“And what is that?” I asked. “Can you give me a thumbnail sketch?”
“Well, in that first book, she sets the stage for her description and analysis of the emergent movement by summarizing a perspective on church history which she finds particularly compelling.”
“And what is that?” I asked again.
“She seems to agree with those historians (and I think she mentions one or two by name) who believe they see a pattern which has repeated itself about every five hundred years.”
“Go on,” I said.
“Well, since the birth of the Christian church in Jerusalem on the Day of Pentecost some two thousand years ago, there has been a significant event, every five hundred years or so, which has revolutionized the church’s self-perception and re-energized its ministry.
“Five hundred years ago, during the sixteenth century, the Protestant Reformation swept across the Medieval church with an impact that continues to this day. Five hundred years before that, in the eleventh century, the Western and Eastern arms of the church formally separated into Roman Catholicism and Eastern Orthodoxy. That event, now known as the Great Schism, likewise produced effects that have proven to be profound and long-lasting.
“And in the sixth century, just as the sun was setting on the Roman Empire and the institutional church was in danger of succumbing to an onslaught of paganism, the Monastic movement arose, with the encouragment of Pope Gregory the Great, ensuring that the essence of the true faith would be preserved, relatively undefiled, until it could flourish again in a less hostile environment.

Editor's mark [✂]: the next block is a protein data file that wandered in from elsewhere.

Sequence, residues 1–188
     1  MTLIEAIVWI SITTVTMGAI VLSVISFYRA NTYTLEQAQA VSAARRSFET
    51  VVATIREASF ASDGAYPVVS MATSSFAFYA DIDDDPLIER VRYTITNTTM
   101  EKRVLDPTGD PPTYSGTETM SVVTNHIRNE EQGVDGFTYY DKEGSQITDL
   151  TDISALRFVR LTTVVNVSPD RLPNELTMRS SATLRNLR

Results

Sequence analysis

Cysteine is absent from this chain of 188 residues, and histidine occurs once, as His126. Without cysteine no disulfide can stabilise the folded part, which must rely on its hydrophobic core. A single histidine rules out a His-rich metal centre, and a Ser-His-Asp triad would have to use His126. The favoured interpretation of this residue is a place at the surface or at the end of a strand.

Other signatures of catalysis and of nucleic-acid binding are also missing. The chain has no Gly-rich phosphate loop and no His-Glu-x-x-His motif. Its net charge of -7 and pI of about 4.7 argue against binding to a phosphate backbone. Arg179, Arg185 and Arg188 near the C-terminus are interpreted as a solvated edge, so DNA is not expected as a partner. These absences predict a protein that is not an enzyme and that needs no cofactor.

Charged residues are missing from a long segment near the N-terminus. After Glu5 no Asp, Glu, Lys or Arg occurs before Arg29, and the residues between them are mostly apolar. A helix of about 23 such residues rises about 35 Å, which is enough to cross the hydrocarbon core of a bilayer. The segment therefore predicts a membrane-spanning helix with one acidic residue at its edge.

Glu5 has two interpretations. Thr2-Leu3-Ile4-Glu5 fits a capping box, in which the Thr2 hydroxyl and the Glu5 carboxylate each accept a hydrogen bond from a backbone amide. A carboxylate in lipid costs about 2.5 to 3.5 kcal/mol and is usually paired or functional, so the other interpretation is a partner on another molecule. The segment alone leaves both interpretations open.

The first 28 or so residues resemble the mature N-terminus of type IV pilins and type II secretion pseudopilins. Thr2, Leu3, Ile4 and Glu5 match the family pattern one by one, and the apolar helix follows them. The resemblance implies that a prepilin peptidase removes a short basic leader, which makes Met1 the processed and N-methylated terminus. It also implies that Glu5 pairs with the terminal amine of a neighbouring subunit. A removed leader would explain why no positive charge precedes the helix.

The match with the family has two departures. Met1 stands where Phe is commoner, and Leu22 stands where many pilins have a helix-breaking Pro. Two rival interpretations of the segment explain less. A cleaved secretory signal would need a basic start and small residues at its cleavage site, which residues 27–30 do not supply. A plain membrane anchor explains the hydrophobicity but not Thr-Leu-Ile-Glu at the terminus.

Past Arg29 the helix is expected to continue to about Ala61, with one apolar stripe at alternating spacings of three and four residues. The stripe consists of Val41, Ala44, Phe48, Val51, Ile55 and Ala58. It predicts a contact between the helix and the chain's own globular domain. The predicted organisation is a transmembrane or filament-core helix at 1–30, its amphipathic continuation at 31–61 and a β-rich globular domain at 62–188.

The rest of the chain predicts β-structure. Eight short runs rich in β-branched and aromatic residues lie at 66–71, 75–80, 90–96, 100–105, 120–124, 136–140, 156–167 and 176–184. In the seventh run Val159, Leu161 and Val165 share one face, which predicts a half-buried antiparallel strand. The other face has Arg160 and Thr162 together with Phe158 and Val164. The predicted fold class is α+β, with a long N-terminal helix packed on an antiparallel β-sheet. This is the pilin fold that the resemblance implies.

“Each of these events or movements came about during a time when the church had sunk into the doldrums, spiritually speaking, and needed something to stir it up and get it back on track. In fact, I think of each of these movements as something of a ‘course correction’ for a church that had drifted significantly away from the course which God intended when the Holy Spirit descended on the Apostles and gave birth to the church some fifty days after the resurrection of Jesus.
“The twenty-first century marks five hundred years since the Reformation. I believe that, in that period of time, the church has once again lost its way. And that shouldn’t surprise anybody. The church is made up of people who are susceptible to all sorts of influences which distort their spiritual vision and corrupt their ability to follow a Kingdom agenda.
“We are in serious need of a ‘course correction’—whether you call it a reformation, a revival, or something else—and it needs to be deep enough and profound enough to offer a compelling alternative to the business-as-usual pattern into which we have allowed ourselves to fall.
“Phyllis Tickle believes that ’emergence Christianity’ is that necessary course correction. I’m not so sure. I think it is likely that the ’emergence’ phenomenon is assisting the church to ask the right kind of questions. I’m less confident that it is providing answers that are deep enough and profound enough and substantive enough to undergird a new reformation.
“Still, she is serving the church well by helping us to keep the conversation going. When I look at the contemporary Christian community, when I observe that the church has virtually lost an entire generation, my heart aches. I mean, don’t you agree? Young people, ages eighteen to thirty, gone from most churches. That’s a shame. That’s a tragedy. That’s… ”
Arthur paused, took another swallow of his coffee, and stared intently at the sugar bowl in the middle of the table. His lower lip quivered.
Arthur Lough might not be a regular churchgoer at the moment, but this guy is a churchman to his very core. It was clear that his burden for spiritual renewal in the church was not simply an academic interest. It was his passion. I could hardly wait to hear what he was going to say next.